What’s on our minds
It’s always satisfying to hear others humming to your beat. The New York Times published an article a few days ago that hums to ours.
In How to Prepare Your Community for a Disaster, New York Times writer Alan Henry summarizes an interview with Mitch Stripling, assistant commissioner of Agency Preparedness and Response for the New York City Department of Health and Mental Hygiene, and co-host of “Dukes of Hazards: The Emergency Management Podcast.”
The main points the article brings out are
- Community resilience starts at the neighborhood level. Neighbors need to be acquainted and ready to help each other when things go wrong.
- Existing local organizations—coffee shops, parent-teacher associations, book groups, etc.—strengthen community ties, and are great starting points for improving disaster preparedness awareness and planning at the neighborhood level.
- Neighbors should develop a plan for how they will communicate and work together in the event of a disaster.
We at Creative Crisis Leadership heartily endorse these points. We’d like to strike a beat of our own, though: It is as important for neighbors to develop the skills needed to improvise a plan in the event as it is to develop one in advance. The article actually hums a bit to that beat as well,
“it’s important to get your group ready to improvise. Building your group into a team that can react to different types of events is more important than being ready to run any one evacuation plan.”
— Mitch Stripling
The hum of the article rests on a bass note of individual initiative:
“However, a lot of the support structures that foster the sense of community that led people to look out for one another have degraded, Mr. Stripling said, and it’s up to individuals to bring them back to life.”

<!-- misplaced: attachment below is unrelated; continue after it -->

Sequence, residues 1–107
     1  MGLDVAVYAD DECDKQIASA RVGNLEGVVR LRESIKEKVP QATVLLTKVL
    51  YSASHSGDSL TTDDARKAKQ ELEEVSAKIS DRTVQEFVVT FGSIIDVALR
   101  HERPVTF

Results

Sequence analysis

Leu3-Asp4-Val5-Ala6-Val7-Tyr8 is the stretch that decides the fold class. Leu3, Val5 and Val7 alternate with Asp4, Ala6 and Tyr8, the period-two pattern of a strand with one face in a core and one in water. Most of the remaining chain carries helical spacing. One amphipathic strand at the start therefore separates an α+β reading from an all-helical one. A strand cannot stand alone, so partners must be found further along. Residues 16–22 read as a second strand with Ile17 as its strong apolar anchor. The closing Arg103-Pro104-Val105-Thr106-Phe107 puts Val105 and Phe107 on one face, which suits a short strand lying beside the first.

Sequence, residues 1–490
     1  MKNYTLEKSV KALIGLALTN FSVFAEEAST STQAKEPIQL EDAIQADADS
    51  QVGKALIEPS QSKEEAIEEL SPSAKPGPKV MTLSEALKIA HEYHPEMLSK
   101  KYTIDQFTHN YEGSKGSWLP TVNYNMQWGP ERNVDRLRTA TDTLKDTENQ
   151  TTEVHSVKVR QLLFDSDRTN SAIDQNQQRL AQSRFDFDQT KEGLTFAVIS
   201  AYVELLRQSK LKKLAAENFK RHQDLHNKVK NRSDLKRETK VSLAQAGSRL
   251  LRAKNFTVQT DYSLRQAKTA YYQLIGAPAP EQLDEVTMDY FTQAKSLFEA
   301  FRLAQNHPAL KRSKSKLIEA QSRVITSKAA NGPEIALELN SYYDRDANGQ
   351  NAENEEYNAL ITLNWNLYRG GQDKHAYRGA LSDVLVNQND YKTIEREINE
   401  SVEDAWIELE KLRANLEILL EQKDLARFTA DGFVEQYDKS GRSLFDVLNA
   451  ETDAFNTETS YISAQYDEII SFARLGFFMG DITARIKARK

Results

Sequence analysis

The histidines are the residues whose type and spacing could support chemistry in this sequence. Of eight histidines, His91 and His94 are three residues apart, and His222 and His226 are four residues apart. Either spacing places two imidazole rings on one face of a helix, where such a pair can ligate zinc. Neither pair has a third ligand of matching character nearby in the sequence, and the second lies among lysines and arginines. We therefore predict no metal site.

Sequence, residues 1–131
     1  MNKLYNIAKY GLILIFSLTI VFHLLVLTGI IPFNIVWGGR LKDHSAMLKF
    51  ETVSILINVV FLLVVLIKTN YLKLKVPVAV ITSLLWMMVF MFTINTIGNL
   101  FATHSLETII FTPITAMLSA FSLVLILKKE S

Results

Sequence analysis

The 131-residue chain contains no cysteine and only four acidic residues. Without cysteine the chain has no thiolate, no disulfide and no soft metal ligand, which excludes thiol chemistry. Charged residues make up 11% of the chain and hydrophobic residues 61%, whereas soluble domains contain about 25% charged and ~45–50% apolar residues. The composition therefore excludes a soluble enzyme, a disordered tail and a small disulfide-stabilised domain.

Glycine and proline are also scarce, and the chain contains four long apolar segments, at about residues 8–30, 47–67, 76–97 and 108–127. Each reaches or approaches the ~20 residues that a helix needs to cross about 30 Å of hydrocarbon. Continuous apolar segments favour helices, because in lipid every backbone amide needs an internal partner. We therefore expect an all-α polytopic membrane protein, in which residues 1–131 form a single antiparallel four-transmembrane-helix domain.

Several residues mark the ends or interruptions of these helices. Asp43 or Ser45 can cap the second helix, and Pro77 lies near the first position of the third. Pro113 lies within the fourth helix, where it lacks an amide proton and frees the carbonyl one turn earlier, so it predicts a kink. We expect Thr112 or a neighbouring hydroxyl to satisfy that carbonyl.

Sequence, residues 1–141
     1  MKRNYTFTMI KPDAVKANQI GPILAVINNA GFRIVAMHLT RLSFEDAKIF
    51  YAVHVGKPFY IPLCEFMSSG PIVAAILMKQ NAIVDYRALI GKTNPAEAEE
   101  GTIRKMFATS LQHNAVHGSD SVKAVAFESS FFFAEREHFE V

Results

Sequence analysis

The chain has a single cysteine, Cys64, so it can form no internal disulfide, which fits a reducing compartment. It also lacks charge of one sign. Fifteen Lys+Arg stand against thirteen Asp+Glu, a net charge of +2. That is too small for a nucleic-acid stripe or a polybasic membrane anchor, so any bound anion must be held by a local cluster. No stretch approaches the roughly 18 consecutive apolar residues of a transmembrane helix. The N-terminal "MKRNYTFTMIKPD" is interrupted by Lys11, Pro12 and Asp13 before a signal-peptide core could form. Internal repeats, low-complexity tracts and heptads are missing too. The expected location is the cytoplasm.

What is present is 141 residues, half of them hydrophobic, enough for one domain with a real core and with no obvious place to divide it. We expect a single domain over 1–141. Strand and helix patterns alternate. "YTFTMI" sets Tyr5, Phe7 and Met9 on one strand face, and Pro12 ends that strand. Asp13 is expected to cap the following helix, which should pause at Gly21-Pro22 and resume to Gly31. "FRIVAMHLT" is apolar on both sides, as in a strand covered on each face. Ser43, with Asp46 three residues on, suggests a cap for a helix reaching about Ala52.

We couldn’t have said it better!
Last night, the Palo Alto-Stanford Citizen Corps Council honored our work with a Community Partner Award. During the award ceremony, Ken Dueker, Director of the Palo Alto Office of Emergency Services, praised our emerging program saying that, “we think this is very promising and has tremendous potential.” (Or words to that effect—I’ll get an exact quote from him later.)
A number of people were intrigued by the brief description and have asked to hear more about it. I’ll be following up with Palo Alto Mayor Liz Kniss, Louis Morrone from Marc Berman’s office (State Assemblymember), and Brian Sherin, Chief Operating Officer at the Stanford Linear Accelerator, among others.
We were very honored to be put in the same class as the other honorees:
- US Health and Human Services, Disaster Medical Assistance Team, CA-6
- Ce Ci Kettendorf: Block Preparedness Coordinator (BPC)
- John Mori: Community Emergency Response Team (CERT)
Thanks to the Palo Alto Emergency Service Volunteers and the Office of Emergency Services who have been critical to getting us this far:
And the official pictures:
Thanks to everyone who has gotten us this far. I am deeply honored and encouraged to have our work so well recognized at this early stage.
On Nov 11, 2017, a major earthquake struck Ross Ct in Palo Alto CA. Here’s the full report.
21 residents, 3 dogs, and 4 cats smelled gas leaks, watched a transformer fizzle and spark, and were without water and power for several days. Afterward, they were joined by 2 of their neighbors and 6 volunteers for lunch.
This was, of course, not an actual earthquake, but our second pilot event. We are happy to report that it was, if anything, even more successful than our first.
Here’s the summary:
- Kudos to Carrie, the local organizer! A stunning 75% of the households that were invited participated:
(And, sadly, thanks to the many recent disasters around the country.)
- Except for one participant who had to leave because of childcare commitments, everyone stayed active throughout the event.